I give, transfer and give over this wholly and entirely to God, as was written above, the Saviour, and Saint Marcellinus; but, because the said place was bestowed from the dominion of Saint-Julien, as the case is being enacted for spiritual reasons, thus we ordered that spiritual rent should be rendered for the sake of recognising possession (nothing to men); to wit, that they should on ordinary days pay two psalms for the living and the office for the dead in each of the Regular hours. Indeed, our congregation holds a privilege, conceded anciently, that is, from the time of King Pippin, that whatever we might communally decree concerning the goods of our church should endure entirely undisturbed and inviolable. Therefore we pray and call to witness through the Lord and in the Lord and through all His saints, that no king at all, nor any bishop, nor any viscount, nor (as was said above) any person at all might presume to disturb this our constitution, fearing the divine warning which says ‘‘Cursed be he that removeth his neighbour’s landmark’, and he who consents, and let him deserve blessings who consents to good.’

Sign of Cunebert, prior and levite, who asked this constitution to be made and confirmed. Sign of Raymond, duke of the Aquitanians, whose other name, by God’s will, is Pons. Sign of Bishop Godeschalk [of le Puy]. Sign of Viscount Dalmatius. Sign of Ingelberga. Sign of Dalmatius [II of Brioude], his son. Sign of Bertrand. Sign of Stephen. Sign of Viscount Robert. Sign of Bertelaicus. Sign of Eustorgius. Sign of Bernard. Sign of Wirald. Sign of Rodrand.

The authority of this testament given on the fifth kalends of September [28th August], in the first year of the reign of lord king Louis, in the basilica of the nourishing martyr Julian, before the altar of Saint Stephen.

I’ve actually spoken about the politics behind this one before so I can be shorter here than with the above. There are two main arguments here. First, Raymond Pons of Toulouse is never otherwise seen this far north. This is probably a show of force to rally support: with Ralph dead, the settlement of affairs in Auvergne which he oversaw and which we’ve discussed in passing in a couple of previous Charter A Weeks was potentially vulnerable. This meant that Raymond’s loose suzerainty could be challenged – but it could also be reinforced. Hence his presence here alongside the great and the good, reminding them of his claims and his power. Second, the claim to be ‘duke of the Aquitanians’ is new. Such a claim must be a response to Hugh the Great’s claim to be ‘duke of the Franks’, a denial of Hugh’s authority over Raymond and a claim that his status is equal. Even more, it may well be a warning to Hugh not to try anything in Aquitaine.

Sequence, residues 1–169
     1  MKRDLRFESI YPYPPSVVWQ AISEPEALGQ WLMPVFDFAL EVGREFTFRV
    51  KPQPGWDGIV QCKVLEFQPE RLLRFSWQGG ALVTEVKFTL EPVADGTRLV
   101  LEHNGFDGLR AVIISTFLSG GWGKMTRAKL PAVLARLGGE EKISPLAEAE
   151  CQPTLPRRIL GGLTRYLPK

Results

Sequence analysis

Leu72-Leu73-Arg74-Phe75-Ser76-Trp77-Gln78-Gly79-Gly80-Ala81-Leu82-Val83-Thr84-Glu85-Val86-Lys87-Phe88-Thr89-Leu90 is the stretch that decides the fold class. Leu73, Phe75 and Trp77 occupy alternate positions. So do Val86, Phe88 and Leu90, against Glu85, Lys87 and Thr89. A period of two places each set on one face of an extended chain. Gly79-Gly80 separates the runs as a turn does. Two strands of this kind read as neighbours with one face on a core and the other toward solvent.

Hugh didn’t try anything in Aquitaine, but he did in Burgundy. Details are scanty, but it seems he cut a separate deal with Hugh the Black, leaving Louis IV out of the loop. Why he did this is unknown, and it appears to involve a change in his intentions since summer 936 (so much for Good Guy Hugh, past me…) but it’s the first sign of some really serious tensions between Hugh the Great and Louis. Next time on Charter A Week, we’ll look for a sign of some more…

Charter A Week 46: Mothers and Sons

For several weeks now, we’ve been focussing on Charles the Simple and royal politics, but plenty of things were happening elsewhere in the realm, not least in Burgundy. In 921, Richard the Justiciar died, probably after ailing for at least half a decade (a 916 charter has his eldest son Ralph of Burgundy signing on his behalf). There are signs that Richard’s position in the last years of his life was not a secure as once it had been. Steven Robbie, whose thesis I love but who has a bad habit of overstating his case (even by my standards) in this regard, has a really cool picture of badly deteriorating relations between Richard’s family and the so-called Manassids, the family of Richard’s right-hand man Count Manasses the Old of Dijon. There is some evidence for this (such as a 918 charter where Bishop Walo of Autun condemns Manasses for seizing an estate of Autun’s church which Richard restored), but not as much as I would like. Meanwhile, the family was getting involved in conflicts outside its heartland: at some point around 920, Ralph teamed up with Robert of Neustria to snatch the city of Bourges away from William the Younger of Aquitaine.

So when, in 921, Richard died, Burgundy was ripe for a change. We have hints that not all was well amongst Richard’s sons, hints such as:

ARTEM 609 (c. 922)